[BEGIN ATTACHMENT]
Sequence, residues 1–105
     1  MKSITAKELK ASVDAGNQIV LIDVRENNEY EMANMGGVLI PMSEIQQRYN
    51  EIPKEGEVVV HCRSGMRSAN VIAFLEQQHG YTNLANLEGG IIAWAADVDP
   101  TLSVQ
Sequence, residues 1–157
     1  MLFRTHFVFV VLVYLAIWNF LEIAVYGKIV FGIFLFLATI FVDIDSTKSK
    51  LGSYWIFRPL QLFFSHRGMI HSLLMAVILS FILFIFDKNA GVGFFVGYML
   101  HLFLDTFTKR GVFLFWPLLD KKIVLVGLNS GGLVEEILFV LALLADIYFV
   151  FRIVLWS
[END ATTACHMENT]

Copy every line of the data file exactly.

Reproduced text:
Sequence, residues 1–105
     1  MKSITAKELK ASVDAGNQIV LIDVRENNEY EMANMGGVLI PMSEIQQRYN
    51  EIPKEGEVVV HCRSGMRSAN VIAFLEQQHG YTNLANLEGG IIAWAADVDP
   101  TLSVQ
Sequence, residues 1–157
     1  MLFRTHFVFV VLVYLAIWNF LEIAVYGKIV FGIFLFLATI FVDIDSTKSK
    51  LGSYWIFRPL QLFFSHRGMI HSLLMAVILS FILFIFDKNA GVGFFVGYML
   101  HLFLDTFTKR GVFLFWPLLD KKIVLVGLNS GGLVEEILFV LALLADIYFV
   151  FRIVLWS